I have a betta all by himself in a 10 gallon tank, and I'm wanting to add live plants to his setup. I have never had live plants before and I'm wanting to know how difficult they are to take care of and what exactly is involved with them. I also need some suggestions as to what are good beginner plants.
Welcome to the wonderful world of Betta keeping.......and soon plant keeping....
Plants and planted tank are beautiful and a lot easier to care for than you think.
Using the correct light are a big part for successful planted tanks, you can go expensive or low cost, myself, I like the low cost and only buy/use regular CF daylight bulbs that range from 10-40w and 6500-6700k that cost me $5.00 each and I change them out every 6 months
I also remove the hood and use the lights directly over the tank so that I get better light penetration to the plants, I usually will have 2 fixtures to total 2-4 bulbs over my tank to get me 2-2.5wpg roughly.
Most of the new 10g set-up will have a bulb that is about 15w, not sure on the K rating and as long as the bulb is new and the hood is clean you can usually get enough light to get plant growth on the low light plants and some moderate light plants.
Good low/mod light plants are-ferns, moss, anubias, crypts, swords, sags, vals, naja grass, apons, lily, rotala, bacopa, anacharis, hygrophila, ludwigia, mecican oak leaf, cabomba, water lettuce, duckweed to name a few that I have had success with in low/mod light natural planted tanks.
The red and purple plants tend to lose color and turn green due to lower light and not using added CO2, but still grow without issues.
When buying plants at box type chain pet shop, be careful due to some are not meant to be under water and will rot and die fouling the water.
Especially the plants sold in tubes, most are not aquarium plants and often mondo grass is sold for aquarium use and this too will soon rot and die.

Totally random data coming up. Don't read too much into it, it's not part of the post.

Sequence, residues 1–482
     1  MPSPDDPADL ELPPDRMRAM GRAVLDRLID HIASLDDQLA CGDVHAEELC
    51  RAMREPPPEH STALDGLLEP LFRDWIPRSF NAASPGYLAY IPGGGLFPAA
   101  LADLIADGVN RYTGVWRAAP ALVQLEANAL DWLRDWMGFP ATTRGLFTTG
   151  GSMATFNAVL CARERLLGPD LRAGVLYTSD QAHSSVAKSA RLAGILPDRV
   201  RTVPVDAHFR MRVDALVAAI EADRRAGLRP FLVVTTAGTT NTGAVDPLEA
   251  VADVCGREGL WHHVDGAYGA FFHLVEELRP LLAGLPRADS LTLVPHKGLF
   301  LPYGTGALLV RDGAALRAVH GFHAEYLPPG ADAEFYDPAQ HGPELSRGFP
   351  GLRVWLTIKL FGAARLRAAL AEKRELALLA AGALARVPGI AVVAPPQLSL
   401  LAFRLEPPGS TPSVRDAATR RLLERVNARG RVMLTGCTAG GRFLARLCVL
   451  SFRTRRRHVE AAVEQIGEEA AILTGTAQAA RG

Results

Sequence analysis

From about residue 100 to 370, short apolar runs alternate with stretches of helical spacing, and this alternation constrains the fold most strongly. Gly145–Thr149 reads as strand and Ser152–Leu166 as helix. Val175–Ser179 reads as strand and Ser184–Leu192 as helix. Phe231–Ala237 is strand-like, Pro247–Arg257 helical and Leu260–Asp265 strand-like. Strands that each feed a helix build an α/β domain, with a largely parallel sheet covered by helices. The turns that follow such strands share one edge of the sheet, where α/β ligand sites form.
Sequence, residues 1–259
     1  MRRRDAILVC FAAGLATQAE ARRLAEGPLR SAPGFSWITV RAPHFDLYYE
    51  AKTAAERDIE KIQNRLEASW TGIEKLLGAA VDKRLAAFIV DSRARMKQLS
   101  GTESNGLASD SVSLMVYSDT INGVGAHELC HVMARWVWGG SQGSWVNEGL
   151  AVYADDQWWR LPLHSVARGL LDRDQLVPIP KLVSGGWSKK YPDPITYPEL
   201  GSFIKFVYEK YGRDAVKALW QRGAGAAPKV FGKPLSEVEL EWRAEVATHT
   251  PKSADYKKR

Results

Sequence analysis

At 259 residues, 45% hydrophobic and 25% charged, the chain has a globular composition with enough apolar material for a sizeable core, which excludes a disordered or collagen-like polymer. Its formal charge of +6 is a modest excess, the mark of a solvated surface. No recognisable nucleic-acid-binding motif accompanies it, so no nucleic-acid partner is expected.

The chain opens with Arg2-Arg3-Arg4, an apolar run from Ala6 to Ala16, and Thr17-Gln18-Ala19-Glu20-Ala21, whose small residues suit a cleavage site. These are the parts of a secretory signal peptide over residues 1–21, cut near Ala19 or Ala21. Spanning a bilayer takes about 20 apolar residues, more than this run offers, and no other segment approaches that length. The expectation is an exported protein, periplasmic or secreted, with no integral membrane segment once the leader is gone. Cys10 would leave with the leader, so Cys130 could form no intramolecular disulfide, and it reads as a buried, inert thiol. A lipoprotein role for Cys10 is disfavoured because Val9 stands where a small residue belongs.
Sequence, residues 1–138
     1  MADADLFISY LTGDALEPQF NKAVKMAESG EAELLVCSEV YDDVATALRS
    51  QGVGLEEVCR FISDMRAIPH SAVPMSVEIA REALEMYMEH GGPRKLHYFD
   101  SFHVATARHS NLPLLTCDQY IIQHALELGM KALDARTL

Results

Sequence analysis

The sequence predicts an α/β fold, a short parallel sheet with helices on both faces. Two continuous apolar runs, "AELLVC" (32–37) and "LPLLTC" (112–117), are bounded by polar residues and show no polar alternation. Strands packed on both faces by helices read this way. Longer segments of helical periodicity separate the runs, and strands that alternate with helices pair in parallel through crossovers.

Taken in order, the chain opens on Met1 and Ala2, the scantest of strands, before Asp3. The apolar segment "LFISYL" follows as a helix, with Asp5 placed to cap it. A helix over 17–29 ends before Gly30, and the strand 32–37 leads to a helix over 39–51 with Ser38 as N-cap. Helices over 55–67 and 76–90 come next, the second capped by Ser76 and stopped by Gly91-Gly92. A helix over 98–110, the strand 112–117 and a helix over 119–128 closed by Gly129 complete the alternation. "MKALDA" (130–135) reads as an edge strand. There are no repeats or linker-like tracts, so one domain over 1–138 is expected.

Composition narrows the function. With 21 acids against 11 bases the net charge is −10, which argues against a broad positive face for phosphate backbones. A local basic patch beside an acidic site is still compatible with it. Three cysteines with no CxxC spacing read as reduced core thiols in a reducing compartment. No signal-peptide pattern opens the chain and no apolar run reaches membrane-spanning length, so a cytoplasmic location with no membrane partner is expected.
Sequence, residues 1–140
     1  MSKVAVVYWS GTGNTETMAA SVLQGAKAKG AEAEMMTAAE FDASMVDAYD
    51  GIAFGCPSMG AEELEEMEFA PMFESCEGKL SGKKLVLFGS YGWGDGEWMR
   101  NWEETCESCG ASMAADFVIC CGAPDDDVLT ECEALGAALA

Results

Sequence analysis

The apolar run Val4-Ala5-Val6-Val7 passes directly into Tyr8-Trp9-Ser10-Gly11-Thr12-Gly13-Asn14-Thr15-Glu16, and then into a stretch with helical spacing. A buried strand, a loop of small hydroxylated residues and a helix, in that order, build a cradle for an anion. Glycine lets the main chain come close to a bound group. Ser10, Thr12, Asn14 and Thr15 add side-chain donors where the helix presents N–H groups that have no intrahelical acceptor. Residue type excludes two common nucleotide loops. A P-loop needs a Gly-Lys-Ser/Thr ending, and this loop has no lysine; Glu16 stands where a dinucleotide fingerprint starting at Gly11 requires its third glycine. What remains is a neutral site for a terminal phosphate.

Grab a plant book off the shelf and look them up if you can- or research and write plant name down before you go shopping to insure that you get true aquatic plants.
Nothing worse than finding out that you bought marginal plants that will soon die in your tank and in turn discourages the hobbyist and they give up on keeping plants.....
Some plants will do well and other will not, you have to find what species works best in your source water, lights...etc......
I keep the natural planted tanks so I don't use ferts or CO2, not needed in this type of soil based planted tanks. The fish and other livestock are my ferts and the plants work as the filtration...low tech+low cost=lots of fun
A great place to get plants=your local aquarium club, ma & pa type pet shops, and online-Sweet Aquatic is a great place to get plants and the only place I have bought from online
Currently I'm going with ultra low-maintenance plants that don't need a dirt substrate and can survive in low lighting: java moss, java fern (really slow-growing, this one), water sprite, and Amazon Sword. All I do for them is to add some Leaf Zone to the water once a week.
The plants keep the ammonia and nitrates in check between water changes, but I still do need to keep up with weekly water changes. I'm looking into Diana Walstad's method, which when successfully implemented will require only one water change a year. The book cost me $20 and will probably take me a while to finish reading.
Thanks for all of the great information! is there any kind of special substrate that I need to use for plants? right now I have the epoxy coated colored gravel...will this work or will I need to get something different?
it depends on the size of the gravel. i use very fine black sand which caps my palmfiber peat. all the plants mentioned are awesome and iv even got my swords to successfully self propagate with minimum input on my part, iv developed a fixsation with moss and am now building up a collection of different types, i gotta import them so it tkes forever to get here.